Root Canal Therapy

 

Root Canal Therapy

When tooth decay or infection spreads far enough, the bacteria can enter into the nerve of the tooth. If this happens, the cavity can’t simply be filled and to cap over the nerve tissue. This leaves residual bacteria in the nerve of the tooth, which can travel to the end of the root and abscess through the gum tissue.

Root canal therapy removes the infected nerve canal and places a filling material within the root of the tooth. This prevents further infection spreading in the tooth or to other teeth. Failing to treat decay that has reached as far as the nerve can result in extreme pain and tooth loss. Antibiotic therapy helps to clear up any infection prior to treatment, but does not correct or prevent future problems.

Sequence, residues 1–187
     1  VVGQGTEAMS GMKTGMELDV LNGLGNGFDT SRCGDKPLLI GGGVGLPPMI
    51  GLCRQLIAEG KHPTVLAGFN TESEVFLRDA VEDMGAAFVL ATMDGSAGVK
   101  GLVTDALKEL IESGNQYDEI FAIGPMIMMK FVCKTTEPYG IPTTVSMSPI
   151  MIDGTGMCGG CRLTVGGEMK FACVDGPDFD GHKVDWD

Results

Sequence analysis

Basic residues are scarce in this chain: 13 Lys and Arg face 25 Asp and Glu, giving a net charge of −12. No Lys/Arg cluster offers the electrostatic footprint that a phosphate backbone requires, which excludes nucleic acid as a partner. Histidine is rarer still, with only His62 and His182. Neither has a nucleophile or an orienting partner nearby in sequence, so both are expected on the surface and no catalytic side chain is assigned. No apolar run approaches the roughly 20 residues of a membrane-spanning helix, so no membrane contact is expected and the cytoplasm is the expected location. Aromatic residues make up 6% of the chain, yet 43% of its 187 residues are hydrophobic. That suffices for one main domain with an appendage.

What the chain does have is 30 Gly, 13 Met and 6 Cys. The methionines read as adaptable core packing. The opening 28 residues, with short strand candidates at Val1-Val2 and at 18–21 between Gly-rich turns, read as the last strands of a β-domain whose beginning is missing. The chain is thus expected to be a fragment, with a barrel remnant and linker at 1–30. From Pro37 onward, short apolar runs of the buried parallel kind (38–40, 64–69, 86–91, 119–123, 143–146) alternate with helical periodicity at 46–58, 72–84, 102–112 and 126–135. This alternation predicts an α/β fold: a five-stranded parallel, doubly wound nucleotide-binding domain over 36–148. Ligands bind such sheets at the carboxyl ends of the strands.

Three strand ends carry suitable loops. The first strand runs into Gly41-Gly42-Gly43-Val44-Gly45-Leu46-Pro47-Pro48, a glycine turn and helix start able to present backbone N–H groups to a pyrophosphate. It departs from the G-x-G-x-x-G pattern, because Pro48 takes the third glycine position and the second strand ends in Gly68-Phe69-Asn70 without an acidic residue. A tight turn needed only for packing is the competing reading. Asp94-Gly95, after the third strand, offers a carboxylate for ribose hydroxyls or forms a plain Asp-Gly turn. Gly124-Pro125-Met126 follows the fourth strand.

While root canals have a bad reputation for causing pain, they really aren’t all as bad as they seem. Patients are made to be as comfortable as possible using anesthetic and analgesic techniques. The reputation of root canal therapy usually comes from the length that is required for the procedure, and having to keep one’s mouth open for an extended amount of time. Fortunately there are methods we can take to reduce this strain, such as using small mouth props and taking breaks to allow the jaw to rest.

After a tooth has had a root canal it is necessary to place a crown on the tooth. This helps maintain the structural integrity of the tooth so that it can be used for normal chewing, tearing and grinding of food.